During the early years of the war, attacks against installations were directed almost solely against Government and Police outposts. As the war progressed these operations escalated to full-scale, multi-battalion attacks against US and ARVN military installations and Fire Support Bases.

Whilst the unit or units delegated responsibility for the attack itself were tasked with the responsibility for the planning , preparation and execution of the attack, they were assisted by more senior headquarters. This headquarters was the final arbiter as to whether the operation was to proceed at all. All operations were studied from the political as well as military point of view. Invariably it was the political considerations regarding the effect which the attack was likely to have rather than the military ones which were of primary concern.

ATTACK PLANNING

If the operation was approved by the Province Committee, then the Military Affairs Committee would divide the tasks associated with implementing the operation amongst it's three staffs:

Military Staff - sends a reconnaissance unit to study the objective and to construct a sand-table model

Political Staff - sends a cadre to contact local civilians to learn their views and reaction to the proposed attack and to study the morale of the attacking troops

Rear Services Staff - tasked with ascertaining whether local populace can sustain the attacking force and provide necessary labor for policing the battlefield

In order to accomplish their task, the recon element would gather all possible information on the terrain, enemy troop strength, weapons (especially the location of crew served weapons), morale and operating procedures of the target. Also studied were questions regarding possible support that the target could be expected to receive as well as the reaction times of air and artillery support. In certain situations, information which could not be gathered from sources external to the target was often supplied by infiltration of the target itself by teams of sappers.

Studies were also made of the time, type, quality and quantity of the reinforcements which the target could expect to be dispatched to it's relief. Likely avenues of approach for these relief forces were reconned to determine the best locations for ambushes aimed at slowing or stopping their advance. Local VC forces and political cadre were questioned regarding their knowledge of the target as indeed were civilians who worked in the vicinity of the target.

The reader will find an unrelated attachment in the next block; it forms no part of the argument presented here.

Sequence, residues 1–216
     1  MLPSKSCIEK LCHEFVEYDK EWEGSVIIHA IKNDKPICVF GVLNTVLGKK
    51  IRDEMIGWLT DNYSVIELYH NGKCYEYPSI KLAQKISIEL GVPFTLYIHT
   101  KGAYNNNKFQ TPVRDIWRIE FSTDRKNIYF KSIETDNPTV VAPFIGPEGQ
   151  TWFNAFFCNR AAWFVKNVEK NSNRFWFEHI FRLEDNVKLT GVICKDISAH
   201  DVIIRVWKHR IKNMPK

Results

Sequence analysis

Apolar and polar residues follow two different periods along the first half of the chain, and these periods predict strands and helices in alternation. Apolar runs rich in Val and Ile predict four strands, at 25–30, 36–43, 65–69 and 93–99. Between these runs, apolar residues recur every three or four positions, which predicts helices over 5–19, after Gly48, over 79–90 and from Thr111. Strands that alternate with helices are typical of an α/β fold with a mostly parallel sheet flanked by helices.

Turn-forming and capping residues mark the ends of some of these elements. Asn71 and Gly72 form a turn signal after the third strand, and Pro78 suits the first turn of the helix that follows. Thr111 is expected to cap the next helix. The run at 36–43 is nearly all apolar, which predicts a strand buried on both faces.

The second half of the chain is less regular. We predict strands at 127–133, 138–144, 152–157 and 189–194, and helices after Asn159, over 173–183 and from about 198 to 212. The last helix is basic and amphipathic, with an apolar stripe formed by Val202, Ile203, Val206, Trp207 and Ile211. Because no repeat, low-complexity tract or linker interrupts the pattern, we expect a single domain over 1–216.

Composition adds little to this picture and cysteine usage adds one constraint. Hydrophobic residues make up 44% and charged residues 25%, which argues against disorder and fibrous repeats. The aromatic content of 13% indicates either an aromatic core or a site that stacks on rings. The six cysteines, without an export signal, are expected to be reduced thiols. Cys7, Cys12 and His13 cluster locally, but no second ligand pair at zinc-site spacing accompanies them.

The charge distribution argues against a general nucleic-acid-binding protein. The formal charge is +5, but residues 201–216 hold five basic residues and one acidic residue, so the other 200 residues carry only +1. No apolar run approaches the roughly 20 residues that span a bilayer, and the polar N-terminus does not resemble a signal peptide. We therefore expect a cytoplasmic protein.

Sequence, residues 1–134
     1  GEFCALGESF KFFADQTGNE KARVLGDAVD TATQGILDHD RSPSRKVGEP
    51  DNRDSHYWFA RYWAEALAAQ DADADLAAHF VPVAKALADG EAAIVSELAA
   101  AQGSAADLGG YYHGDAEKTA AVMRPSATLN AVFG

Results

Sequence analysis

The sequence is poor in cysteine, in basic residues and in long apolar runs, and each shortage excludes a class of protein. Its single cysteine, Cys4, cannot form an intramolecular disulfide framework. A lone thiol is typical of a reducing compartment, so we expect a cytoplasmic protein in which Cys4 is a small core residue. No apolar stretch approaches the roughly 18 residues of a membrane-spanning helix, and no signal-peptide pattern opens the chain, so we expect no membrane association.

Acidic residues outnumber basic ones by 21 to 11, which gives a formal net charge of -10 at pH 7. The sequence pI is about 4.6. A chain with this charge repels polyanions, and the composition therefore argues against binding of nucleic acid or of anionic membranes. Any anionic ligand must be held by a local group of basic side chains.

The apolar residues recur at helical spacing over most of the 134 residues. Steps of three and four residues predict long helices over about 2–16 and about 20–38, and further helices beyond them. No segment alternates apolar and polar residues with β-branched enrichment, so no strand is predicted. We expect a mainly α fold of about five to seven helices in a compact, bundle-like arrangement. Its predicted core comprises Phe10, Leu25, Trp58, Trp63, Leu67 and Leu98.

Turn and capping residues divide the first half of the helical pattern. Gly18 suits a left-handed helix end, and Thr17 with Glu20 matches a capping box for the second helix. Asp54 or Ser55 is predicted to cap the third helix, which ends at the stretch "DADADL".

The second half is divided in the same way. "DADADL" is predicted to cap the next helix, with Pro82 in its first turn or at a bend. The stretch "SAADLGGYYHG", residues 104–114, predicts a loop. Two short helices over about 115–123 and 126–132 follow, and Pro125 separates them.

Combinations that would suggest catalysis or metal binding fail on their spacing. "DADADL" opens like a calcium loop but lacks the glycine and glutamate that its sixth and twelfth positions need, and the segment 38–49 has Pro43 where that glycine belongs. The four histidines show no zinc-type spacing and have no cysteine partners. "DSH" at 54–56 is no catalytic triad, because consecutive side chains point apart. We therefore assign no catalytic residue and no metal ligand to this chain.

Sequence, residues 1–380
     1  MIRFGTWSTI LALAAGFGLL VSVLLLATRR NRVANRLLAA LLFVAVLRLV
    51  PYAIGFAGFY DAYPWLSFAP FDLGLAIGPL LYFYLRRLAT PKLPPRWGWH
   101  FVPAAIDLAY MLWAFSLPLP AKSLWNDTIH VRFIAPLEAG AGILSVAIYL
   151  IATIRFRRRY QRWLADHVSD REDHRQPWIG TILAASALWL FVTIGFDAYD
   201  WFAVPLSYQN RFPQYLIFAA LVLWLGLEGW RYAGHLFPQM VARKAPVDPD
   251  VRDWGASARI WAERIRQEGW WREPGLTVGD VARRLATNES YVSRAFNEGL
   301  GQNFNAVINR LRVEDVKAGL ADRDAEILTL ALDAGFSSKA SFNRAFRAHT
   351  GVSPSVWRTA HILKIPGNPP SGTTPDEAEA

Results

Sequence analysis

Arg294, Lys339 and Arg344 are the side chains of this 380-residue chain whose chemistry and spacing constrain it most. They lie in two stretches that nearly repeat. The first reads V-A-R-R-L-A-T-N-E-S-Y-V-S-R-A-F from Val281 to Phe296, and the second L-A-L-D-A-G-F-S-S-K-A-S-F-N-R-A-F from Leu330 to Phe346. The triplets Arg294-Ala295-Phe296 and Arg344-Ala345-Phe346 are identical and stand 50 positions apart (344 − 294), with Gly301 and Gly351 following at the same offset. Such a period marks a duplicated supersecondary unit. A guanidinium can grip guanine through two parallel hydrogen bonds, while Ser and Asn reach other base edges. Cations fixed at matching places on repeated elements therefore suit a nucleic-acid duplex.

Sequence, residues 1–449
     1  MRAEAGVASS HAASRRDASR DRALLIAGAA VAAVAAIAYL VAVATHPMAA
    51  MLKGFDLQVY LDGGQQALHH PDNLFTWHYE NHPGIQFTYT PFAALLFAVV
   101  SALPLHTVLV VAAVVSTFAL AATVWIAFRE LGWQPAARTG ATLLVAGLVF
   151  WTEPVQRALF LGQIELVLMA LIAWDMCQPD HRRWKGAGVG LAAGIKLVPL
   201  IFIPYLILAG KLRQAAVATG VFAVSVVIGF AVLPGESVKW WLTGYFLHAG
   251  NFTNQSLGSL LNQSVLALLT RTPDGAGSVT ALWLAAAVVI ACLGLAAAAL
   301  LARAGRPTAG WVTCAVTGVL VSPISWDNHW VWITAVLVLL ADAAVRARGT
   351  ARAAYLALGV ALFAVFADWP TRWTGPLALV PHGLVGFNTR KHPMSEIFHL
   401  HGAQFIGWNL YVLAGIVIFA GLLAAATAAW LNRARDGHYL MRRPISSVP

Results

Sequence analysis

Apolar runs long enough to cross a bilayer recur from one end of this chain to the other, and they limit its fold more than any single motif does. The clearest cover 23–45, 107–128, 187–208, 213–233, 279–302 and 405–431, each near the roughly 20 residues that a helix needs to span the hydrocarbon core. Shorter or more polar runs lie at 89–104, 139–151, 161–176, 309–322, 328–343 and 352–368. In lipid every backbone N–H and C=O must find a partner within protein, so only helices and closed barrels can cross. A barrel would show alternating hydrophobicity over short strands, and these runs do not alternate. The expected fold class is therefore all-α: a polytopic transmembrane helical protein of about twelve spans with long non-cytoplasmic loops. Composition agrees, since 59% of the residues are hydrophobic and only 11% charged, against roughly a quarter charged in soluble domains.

Once all of the preliminary reconnaissance of the target was completed the plan of attack was resubmitted up the chain of command for final approval.

FINAL PREPARATIONS

Once approval was given rehearsals for the assault began in earnest. Sand table mock-ups of the target as well as 'stake and string' replicas were constructed. Each unit commander of the attacking force, (squad leaders for a company attack, platoon leaders for a battalion sized assault), was instructed on these models as to the role of their unit in the overall operation and, while the assault forces practiced their attack, local guerrillas and labourers began to move supplies and materials to forward positions.

An attempt was made to keep the objective of the attack as secret as possible right up to the point of execution. Knowledge of the target was on a 'need to know' basis and if it was felt that the operation had been compromised (e.g. a soldier rallying to the ARVN under the Chieu Hoi program) the operation was invariably called off. Cancellation of an operation was more common than execution and it is estimated that for every assault that did take place, over one hundred were abandoned at some stage of the planning process.